In quiet moments—introspective, diffuse, tired moments—I experiment with the idea of a personal catechism: an impossible collection of ethics, philosophy, and aesthetics that could point to a “right” path for a musician, an artist, and a limited human being. In recent years, these little daydreams have developed into—if I follow my metaphor—a unique Lives of the Saints: an imaginary book filled with lives lived, and work done, by people that have gotten the closest to my ideals. Wendell Berry, Ron Miles, Anne Carson, Agnes Martin, Thomas Merton, Nan Shepherd have all had a chapter in this hypothetical work—a dubious honor—absorbing my adulation as I try and figure out the best way to finish this life of mine, now over half-way done.
But let me back down from that high-flown comparison. It may be better to think of these people as “kin,” not in the sense of traditional genetic relationships, but as a group of souls related by their tread on a similar path. This is not family through shared blood, but through shared existence. And I honor that kinship by trying to live up to their example, by providing a future path-taker with another set of footprints to follow.
I am old enough to have had availability shape my education. In my pre-internet record-collecting life, Anthony Braxton records were plentiful; Art Ensemble of Chicago releases were more rare; Roscoe Mitchell records were myth. And so my upbringing created, as they all do, a bubble of hidden information. It wasn’t until I was living in New York that I began trying to piece together what I had missed. And it wasn’t until starting the research on this issue that I understood how important Mitchell is as an instrumentalist, an improvisor, a composer, an educator, a painter, and a path-taker.
Sam Weinberg—who put together a rigorous primer on Roscoe’s life and music for this issue—sent me eight hours of early Mitchell and Art Ensemble recordings as I began curating SA29’s articles, and I ordered every recent recording of Mitchell’s I could find. (This collecting of new-to-me music is my favorite part of every issue’s research.) These records became the foundation for a burgeoning, but powerful, need to discover what was behind Mitchell’s singularity.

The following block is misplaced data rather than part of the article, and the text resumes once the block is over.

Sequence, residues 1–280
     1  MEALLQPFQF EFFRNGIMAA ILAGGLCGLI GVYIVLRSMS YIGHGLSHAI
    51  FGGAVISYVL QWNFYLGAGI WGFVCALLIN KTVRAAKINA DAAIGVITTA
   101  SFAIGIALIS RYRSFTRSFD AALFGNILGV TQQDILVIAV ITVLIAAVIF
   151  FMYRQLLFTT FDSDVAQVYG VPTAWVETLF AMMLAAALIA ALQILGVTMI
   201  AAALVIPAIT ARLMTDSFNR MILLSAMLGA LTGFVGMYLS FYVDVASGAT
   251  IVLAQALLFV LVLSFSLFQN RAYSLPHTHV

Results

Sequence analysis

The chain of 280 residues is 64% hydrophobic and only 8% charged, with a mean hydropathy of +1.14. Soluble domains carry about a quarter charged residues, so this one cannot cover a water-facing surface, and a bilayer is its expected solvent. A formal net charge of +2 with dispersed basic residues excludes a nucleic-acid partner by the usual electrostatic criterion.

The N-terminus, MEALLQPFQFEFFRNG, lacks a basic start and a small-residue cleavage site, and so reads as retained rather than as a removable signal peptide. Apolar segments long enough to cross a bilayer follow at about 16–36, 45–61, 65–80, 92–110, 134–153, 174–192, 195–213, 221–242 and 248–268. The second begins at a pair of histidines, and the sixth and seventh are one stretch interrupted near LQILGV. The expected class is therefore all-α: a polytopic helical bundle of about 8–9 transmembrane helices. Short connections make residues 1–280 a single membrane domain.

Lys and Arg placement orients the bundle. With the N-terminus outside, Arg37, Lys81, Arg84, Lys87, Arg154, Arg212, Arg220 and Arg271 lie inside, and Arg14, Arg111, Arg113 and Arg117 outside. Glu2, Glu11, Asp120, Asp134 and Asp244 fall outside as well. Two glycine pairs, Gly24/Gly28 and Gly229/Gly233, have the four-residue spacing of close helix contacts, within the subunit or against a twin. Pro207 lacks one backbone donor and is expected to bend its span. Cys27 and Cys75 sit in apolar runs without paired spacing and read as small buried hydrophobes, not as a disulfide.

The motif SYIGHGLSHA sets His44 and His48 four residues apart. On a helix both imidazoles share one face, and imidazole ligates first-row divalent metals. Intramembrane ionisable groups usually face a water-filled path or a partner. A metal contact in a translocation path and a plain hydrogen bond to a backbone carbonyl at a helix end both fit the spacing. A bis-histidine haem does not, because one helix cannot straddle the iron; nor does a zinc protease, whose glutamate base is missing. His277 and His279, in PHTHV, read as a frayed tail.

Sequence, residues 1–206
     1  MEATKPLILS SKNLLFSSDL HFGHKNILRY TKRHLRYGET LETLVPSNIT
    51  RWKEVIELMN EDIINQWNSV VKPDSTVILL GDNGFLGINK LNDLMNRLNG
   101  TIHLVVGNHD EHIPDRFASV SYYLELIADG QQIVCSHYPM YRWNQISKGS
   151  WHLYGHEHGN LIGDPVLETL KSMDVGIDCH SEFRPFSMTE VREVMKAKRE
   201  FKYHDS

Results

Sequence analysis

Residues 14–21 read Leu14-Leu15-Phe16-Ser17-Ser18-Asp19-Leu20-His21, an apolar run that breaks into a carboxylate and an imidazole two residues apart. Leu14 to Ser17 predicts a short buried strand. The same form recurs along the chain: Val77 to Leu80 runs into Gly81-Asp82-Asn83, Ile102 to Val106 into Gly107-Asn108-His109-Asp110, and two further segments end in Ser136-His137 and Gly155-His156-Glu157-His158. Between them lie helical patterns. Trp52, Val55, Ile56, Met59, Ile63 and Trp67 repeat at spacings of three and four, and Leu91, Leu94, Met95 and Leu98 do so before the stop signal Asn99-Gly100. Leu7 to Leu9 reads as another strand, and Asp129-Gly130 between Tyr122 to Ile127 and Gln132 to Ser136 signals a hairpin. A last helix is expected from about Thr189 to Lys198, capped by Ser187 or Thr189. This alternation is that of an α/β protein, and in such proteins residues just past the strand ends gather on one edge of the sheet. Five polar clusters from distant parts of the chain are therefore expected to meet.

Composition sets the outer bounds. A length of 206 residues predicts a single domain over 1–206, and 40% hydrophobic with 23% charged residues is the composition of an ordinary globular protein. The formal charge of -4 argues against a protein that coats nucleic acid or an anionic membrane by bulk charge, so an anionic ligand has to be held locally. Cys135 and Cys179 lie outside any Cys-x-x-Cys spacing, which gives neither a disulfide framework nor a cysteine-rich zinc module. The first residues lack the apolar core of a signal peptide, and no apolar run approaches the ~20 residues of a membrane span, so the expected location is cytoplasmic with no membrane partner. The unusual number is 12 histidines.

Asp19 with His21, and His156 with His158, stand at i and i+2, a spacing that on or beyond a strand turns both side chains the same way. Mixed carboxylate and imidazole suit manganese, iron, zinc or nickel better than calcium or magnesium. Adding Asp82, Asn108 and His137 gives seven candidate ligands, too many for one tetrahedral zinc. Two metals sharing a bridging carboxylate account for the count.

As I was still listening, articles began arriving in my inbox. Musicians that I respected, and who I knew had a deep respect for Mitchell, were telling me (us) exactly what it is that makes his music such a vigorous force. Almost all of these musician-writers pointed to Mitchell’s iconic mid-1970s “Nonaah” solo performance as a catalyst for their own music. I listened to my new recordings again, and the weight of Mitchell as an instrumentalist was eclipsed by his musicianship.
Zeena Parkins shared her interviews with the students and faculty closest to Mitchell at Mills College. Although not all of these were able to be included here due to space, the words I read from those who had spent time with the improvisor and composer as student-collaborators opened my eyes to something new. The conversations present Mitchell as that rare type who wakes up every morning ready to share with others; one who understands that sharing is a two-way street. Mitchell, in these interviews, seems to be as open to learning from his students as they are from him. I sat and took a fresh listen to music made by an artist interested in living with the world and learning as much as he can from it.
Finally, the interviews. These discussions between Mitchell and his colleagues about music, painting, and life draw him as simultaneously imposing and welcoming. A chat about how visual and sonic arts feed each other sits next to lessons for easier travel and what dogs can teach us. The elements of who Mitchell is—a great instrumentalist, musician, artist, educator—finally coincide as a three-dimensional, fully technicolor human being. I listen again to the now-not-so-new-to-me records, and my imaginary book makes room for a new chapter: Roscoe Mitchell becomes kin.
This issue would not have been possible without the help of John McCowen, who assisted by pointing me toward possible contributors and putting me in initial contact with Roscoe. John Corbett has also been a great help in gathering information on Roscoe’s paintings (as well as providing the sort of deep background on this music that we all expect from him). This issue coincides with a show of Roscoe’s paintings at Corbett vs. Dempsey in Chicago. Roscoe was in preparation for this show as we prepared the issue as you will read throughout.
Finally, thank you to Roscoe who has been patient throughout the whole process, which always takes longer than planned. It is my great hope that what lies within lives up to his expectations.